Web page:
It’s unfortunate, but sometimes pregnancy and divorce go hand in hand, and expecting mothers may find themselves splitting from their partners. Because like many other major life events, pregnancy can add tension to even the strongest relationships. Whether expecting parents are concerned about finances, the child’s paternity is in question, or the new baby merely adds more tension on top of a pressure cooker of emotions, divorce may be on the table.
How to Handle a Divorce While You’re Pregnant
The following tips will help expecting mothers navigate ending their marriage during this physically and emotionally demanding time in their lives:
Find out if your state will allow you to get divorced while pregnant
For example, in Arizona, Arkansas, Missouri, and Texas the courts will not grant a divorce to a married couple if the wife is pregnant. The courts prefer to wait until after the baby is born to address paternity. The court can then determine if appropriate child-related orders, such as child support, need to be included.
Surround yourself with a supportive entourage, and don’t be afraid to ask friends and family for help
It is okay to ask for help with cooking meals, household chores, childcare for your other children, or just ask for a listening ear so you can process your emotions. A strong support system will help you get through this emotionally taxing experience. Accept as much assistance as you need while you work through your divorce – to help reduce stress to yourself and your unborn baby. It is also okay to continue to ask for help after the baby arrives— don’t be afraid to ask family and friends if they can take the baby for a few hours so you can get some sleep.
Hire a good lawyer
This means finding a lawyer that specializes in family law and divorce. Because family law involves a wide range of family issues including marriage, divorce proceedings, legal custody and adoption, distribution of assets and ownership of property acquired before and during the marriage, and much more, it’s crucial to find a lawyer that has specialized knowledge. A board certified family lawyer will have the knowledge and expertise needed to navigate state laws and codes and the trials and appeals of family law cases. By hiring knowledgeable counsel, you will save time and stress because they can help you understand your rights, determine the best course of action for your unborn baby’s custody, and break down the legal jargon for you.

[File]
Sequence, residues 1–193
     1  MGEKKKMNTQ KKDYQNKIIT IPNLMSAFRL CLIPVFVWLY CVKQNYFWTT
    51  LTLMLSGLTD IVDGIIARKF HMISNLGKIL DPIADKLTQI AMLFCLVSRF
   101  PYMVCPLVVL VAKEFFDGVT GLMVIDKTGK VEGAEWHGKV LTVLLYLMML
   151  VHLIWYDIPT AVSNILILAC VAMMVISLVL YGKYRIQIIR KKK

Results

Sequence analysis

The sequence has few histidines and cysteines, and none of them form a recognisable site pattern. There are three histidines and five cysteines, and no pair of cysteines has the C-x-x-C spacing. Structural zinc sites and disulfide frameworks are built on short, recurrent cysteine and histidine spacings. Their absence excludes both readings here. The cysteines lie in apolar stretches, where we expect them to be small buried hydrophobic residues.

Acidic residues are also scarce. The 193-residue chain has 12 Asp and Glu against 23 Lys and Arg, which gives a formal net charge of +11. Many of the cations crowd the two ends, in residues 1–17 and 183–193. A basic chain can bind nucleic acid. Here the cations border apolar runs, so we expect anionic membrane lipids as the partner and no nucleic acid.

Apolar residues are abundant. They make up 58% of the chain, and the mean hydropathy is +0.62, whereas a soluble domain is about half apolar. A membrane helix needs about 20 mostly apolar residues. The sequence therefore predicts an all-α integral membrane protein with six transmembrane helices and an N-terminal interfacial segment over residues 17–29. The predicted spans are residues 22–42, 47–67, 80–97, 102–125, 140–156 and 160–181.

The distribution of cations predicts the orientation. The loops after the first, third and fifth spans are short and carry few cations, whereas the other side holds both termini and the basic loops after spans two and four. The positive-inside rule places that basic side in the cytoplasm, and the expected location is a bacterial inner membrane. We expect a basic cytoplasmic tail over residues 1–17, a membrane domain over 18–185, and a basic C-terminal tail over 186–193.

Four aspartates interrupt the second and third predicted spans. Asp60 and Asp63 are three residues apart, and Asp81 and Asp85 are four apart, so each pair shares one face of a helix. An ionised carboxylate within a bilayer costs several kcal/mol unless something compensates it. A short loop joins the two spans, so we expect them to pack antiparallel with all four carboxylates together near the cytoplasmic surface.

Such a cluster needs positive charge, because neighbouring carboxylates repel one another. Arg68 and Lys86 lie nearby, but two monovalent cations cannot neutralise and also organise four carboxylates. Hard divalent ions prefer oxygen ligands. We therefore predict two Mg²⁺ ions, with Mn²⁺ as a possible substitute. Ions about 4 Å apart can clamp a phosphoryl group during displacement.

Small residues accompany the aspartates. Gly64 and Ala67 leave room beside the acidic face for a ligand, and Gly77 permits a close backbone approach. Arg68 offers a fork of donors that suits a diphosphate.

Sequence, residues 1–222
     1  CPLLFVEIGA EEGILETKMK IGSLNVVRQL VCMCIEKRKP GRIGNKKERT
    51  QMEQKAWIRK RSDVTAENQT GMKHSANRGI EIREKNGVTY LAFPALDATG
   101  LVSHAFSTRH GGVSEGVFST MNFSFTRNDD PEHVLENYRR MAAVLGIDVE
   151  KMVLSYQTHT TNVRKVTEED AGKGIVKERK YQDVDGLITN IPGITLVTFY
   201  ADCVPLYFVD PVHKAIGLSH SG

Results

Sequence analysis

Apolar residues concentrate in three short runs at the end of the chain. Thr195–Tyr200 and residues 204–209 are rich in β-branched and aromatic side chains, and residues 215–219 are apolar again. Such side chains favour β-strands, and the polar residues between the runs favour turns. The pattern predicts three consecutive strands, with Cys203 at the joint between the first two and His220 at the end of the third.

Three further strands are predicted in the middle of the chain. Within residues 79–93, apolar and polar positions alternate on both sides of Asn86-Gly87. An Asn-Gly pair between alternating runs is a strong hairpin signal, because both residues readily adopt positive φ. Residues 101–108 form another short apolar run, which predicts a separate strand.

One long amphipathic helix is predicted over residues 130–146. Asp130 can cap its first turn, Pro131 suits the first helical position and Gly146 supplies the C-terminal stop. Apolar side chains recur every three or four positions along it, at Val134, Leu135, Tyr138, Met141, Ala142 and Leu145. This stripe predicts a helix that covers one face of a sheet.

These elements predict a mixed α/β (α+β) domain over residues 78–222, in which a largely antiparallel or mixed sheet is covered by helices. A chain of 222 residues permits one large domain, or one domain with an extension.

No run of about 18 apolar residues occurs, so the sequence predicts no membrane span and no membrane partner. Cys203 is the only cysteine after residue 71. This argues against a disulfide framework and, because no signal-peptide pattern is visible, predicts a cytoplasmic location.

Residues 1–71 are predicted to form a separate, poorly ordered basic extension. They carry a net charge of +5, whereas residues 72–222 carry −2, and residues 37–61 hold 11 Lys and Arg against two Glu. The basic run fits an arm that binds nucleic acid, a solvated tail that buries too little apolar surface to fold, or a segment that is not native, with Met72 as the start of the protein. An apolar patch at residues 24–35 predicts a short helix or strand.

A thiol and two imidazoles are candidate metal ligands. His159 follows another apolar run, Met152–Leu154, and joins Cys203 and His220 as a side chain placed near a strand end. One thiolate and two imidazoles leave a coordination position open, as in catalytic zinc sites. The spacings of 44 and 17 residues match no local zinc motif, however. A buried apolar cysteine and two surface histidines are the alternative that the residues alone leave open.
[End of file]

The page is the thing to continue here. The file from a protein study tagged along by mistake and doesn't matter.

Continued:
Create a co-parenting plan
Both parents should be involved in a child’s upbringing, so you and your partner should create a shared parenting plan that works for you. You will have a lifetime of dealing with the other side even after a divorce if you have children, so try and start on the right foot with flexibility and generosity.
Realizing that your marriage must come to an end can be devastating at any time—but even more so when you’re expecting. Having a baby is stressful, and the experience can challenge even the best of marriages. A baby’s birth usually brings about role changes, lifestyle adjustments, and financial struggles that both spouses can find frightening. As the arguments increase, the tension may build, until divorce becomes the clear outcome. While this isn’t a decision to be taken lightly, sometimes you just know that your marriage isn’t working, and pregnancy is not a valid reason to remain in an unhappy relationship.
If you are thinking about ending your relationship with a baby on the way, speak with a family lawyer about your circumstances. An experienced family law lawyer will help you understand your options and rights, now and after your baby is born.
About the Author
Kris Balekian Hayes has more than 20 years of experience practicing family law. She is a board certified family law attorney and is a credentialed mediator in all civil, family and CPS matters. Today she serves as managing partner of Balekian Hayes, PLLC based in Dallas, TX.